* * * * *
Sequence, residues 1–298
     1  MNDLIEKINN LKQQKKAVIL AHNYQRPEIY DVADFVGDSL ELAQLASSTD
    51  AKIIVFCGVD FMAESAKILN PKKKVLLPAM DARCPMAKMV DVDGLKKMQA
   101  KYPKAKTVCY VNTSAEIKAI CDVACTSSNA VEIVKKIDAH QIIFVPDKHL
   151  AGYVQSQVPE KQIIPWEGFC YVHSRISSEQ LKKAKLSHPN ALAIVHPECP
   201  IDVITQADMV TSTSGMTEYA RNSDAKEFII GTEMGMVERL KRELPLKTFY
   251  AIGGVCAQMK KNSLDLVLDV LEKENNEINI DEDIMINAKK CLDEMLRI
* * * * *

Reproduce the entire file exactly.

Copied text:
Sequence, residues 1–298
     1  MNDLIEKINN LKQQKKAVIL AHNYQRPEIY DVADFVGDSL ELAQLASSTD
    51  AKIIVFCGVD FMAESAKILN PKKKVLLPAM DARCPMAKMV DVDGLKKMQA
   101  KYPKAKTVCY VNTSAEIKAI CDVACTSSNA VEIVKKIDAH QIIFVPDKHL
   151  AGYVQSQVPE KQIIPWEGFC YVHSRISSEQ LKKAKLSHPN ALAIVHPECP
   201  IDVITQADMV TSTSGMTEYA RNSDAKEFII GTEMGMVERL KRELPLKTFY
   251  AIGGVCAQMK KNSLDLVLDV LEKENNEINI DEDIMINAKK CLDEMLRI